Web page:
Japanese LNG imports among key issues at gas export outlook conference

Delegates are able to engage with speakers to further discuss key issues presented.

Delegates are able to engage with speakers to further discuss key issues presented.

Japan’s LNG imports fell in 2015 to their lowest levels in five years marking an 11.4 per cent decline in volumes. For Australia this meant a 14.8 per cent decline in exports to Japan from last year, but it still remains Japan’s biggest
supplier.

Speaking about the key factors that will influence LNG demand in Japan, Ryo Minami, director oil and gas at Japan’s Ministry for Economy, Trade & Industry saysAustralia will continue to be one of the most important LNG producers for the country’s energy sector for the foreseeable future.

“Regarding LNG demand in Japan, the key factors will be the debate over Japan’s long-term energy supply-demand outlook (energy mix), restart of nuclear power plants, and further activities to enhance energy conservation. As for sourcing of LNG, competitive pricing and flexibility of purchase contracts including relaxation of destination clauses will be the key factors. We believe that Australia is one of the most important gas producers that has great potential to meet such requirements,” he said.

Mr Minami also said that given the linking of Japan’s LNG import prices to oil prices, previous years had seen import costs rising from ¥3.5 trillion in 2010 to ¥7.8 trillion in 2014.

“Therefore the Japanese economy welcomes global oil price plunge as it will trigger a decrease in Japan’s electricity and gas tariff. On the other hand, when we consider the stable supply in the future, it is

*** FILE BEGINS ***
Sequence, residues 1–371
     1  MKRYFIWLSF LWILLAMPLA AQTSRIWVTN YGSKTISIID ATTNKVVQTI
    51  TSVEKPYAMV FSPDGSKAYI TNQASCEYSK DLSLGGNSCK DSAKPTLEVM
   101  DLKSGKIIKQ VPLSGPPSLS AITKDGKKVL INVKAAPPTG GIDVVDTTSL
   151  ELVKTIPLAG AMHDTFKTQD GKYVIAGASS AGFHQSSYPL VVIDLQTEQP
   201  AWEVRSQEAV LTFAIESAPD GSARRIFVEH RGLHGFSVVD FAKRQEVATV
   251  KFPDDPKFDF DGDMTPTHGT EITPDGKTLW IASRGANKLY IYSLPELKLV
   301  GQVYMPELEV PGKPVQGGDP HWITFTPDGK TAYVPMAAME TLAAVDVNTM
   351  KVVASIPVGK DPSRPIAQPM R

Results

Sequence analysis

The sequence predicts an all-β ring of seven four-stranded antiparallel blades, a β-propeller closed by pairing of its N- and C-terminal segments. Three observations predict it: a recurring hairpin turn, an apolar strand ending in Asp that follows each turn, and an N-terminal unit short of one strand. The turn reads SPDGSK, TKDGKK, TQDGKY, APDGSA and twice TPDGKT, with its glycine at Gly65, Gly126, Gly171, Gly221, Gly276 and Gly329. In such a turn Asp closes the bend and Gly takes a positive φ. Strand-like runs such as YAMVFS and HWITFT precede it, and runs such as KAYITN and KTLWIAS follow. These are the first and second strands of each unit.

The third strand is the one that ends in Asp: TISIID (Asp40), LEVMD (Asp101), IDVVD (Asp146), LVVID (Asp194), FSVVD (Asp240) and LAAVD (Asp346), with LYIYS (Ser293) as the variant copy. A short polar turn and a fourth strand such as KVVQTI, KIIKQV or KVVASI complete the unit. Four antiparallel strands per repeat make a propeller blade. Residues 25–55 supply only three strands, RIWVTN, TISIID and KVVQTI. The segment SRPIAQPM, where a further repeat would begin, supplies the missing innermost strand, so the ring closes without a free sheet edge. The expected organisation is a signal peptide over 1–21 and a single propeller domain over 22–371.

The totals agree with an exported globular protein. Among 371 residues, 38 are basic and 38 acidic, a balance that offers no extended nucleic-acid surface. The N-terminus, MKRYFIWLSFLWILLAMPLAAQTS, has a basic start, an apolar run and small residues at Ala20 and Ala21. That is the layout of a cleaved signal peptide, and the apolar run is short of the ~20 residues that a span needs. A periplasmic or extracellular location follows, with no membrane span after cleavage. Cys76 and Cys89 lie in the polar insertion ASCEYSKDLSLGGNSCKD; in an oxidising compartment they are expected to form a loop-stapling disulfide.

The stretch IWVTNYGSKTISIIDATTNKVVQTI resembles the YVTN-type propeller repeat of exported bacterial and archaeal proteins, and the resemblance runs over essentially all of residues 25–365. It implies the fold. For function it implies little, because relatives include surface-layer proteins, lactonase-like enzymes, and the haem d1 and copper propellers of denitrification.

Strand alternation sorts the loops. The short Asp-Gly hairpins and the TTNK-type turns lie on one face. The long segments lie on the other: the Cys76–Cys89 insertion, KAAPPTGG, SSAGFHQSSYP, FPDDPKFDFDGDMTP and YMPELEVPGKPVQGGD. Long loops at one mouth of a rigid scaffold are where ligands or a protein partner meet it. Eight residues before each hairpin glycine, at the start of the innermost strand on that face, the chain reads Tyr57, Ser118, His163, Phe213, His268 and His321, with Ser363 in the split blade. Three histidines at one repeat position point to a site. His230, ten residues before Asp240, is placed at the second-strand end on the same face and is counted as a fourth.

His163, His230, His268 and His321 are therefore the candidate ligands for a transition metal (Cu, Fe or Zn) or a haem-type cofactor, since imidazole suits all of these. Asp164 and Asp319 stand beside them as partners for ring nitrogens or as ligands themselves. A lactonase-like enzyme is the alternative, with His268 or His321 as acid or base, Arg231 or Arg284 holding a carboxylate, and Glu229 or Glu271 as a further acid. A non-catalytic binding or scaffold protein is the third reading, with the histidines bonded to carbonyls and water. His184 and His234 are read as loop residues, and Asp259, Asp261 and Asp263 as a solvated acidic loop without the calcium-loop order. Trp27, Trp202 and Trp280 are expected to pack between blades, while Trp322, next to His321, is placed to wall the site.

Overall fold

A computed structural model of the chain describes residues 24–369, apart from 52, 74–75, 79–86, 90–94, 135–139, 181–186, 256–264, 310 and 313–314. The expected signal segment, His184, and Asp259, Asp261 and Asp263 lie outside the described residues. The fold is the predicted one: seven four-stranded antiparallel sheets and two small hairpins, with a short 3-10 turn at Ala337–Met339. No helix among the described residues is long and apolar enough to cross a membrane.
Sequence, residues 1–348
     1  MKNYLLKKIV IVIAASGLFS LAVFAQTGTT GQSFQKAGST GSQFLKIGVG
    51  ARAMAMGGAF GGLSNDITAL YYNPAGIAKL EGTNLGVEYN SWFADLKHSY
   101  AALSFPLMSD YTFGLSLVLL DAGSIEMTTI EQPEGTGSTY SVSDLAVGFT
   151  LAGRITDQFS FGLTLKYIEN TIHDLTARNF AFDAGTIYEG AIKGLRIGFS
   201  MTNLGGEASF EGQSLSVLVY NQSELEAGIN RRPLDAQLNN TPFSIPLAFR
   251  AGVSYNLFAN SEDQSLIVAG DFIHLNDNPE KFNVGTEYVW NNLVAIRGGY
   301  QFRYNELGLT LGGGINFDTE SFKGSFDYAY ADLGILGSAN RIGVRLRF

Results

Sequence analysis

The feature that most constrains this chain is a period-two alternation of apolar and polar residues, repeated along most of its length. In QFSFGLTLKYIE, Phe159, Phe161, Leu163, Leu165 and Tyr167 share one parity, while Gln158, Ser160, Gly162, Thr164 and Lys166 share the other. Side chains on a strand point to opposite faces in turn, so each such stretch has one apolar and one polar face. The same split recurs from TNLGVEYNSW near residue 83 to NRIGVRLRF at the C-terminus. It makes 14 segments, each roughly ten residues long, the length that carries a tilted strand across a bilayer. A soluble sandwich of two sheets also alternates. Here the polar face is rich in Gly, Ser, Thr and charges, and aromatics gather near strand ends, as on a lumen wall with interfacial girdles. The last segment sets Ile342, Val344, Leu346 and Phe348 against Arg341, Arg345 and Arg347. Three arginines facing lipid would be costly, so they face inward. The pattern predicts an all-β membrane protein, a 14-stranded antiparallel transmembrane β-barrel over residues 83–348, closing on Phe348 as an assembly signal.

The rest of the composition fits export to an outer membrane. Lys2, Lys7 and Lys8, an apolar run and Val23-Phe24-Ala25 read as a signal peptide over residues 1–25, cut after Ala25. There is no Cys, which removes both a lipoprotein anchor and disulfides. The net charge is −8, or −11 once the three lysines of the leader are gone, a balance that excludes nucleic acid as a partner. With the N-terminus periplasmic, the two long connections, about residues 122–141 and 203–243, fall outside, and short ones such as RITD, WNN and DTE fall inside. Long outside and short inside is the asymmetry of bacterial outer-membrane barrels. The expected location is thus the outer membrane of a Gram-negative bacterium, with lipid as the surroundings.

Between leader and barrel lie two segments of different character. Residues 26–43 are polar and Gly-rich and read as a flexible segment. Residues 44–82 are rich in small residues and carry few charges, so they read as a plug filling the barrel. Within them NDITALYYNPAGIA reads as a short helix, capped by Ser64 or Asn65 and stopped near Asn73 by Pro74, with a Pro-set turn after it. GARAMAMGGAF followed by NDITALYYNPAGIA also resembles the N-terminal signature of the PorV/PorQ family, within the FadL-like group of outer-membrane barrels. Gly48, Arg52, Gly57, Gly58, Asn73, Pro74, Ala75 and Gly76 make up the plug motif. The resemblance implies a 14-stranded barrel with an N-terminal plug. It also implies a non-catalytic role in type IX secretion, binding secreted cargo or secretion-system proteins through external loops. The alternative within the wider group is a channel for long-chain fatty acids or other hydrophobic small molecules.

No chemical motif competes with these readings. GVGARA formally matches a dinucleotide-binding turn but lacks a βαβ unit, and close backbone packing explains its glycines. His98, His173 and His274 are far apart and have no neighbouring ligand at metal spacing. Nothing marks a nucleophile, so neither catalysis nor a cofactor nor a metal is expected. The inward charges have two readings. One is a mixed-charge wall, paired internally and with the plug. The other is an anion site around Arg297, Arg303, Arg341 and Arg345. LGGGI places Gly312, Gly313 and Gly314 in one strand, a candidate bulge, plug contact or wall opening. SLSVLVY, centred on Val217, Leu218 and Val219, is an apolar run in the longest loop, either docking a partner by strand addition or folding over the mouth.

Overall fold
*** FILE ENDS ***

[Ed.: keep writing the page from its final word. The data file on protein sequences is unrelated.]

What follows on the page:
also very important to continue investments in upstream and LNG projects.”

Mr Minami is part of a high level panel of international speakers at the Australian Gas Export Outlook conference to be held in Brisbane from 17-19 November. Other headline speakers include Tatiana Mitrova, Member of the Governmental Commission of the Russian Federation on fuel and energy complex; A K Balyan, CEO and Managing Director for India’s largest LNG importer Petronet LNG; Hamid Siddiqui, President, Prescience Energy Consulting USA; and Shigeki Hirano, Chairman of Osaka Gas Australia.

Joining them will be Australia’s leading gas producers and senior government leaders to assess the impact of the global oil price outlook, gas supply/demand dynamics and geopolitical/climate change drivers on the Australian gas exports. Also attending are international stakeholders whose operations and forward plans will have a huge bearing on Australia’s gas export future.

The three day conference will feature a mix of global supplier and buyer country spotlights, case studies, interactive discussions and workshops that provide a
timely insight into the global gas market landscape and in that context consider the strategies to minimise risk for investment and to insulate the industry from energy market fluctuations.

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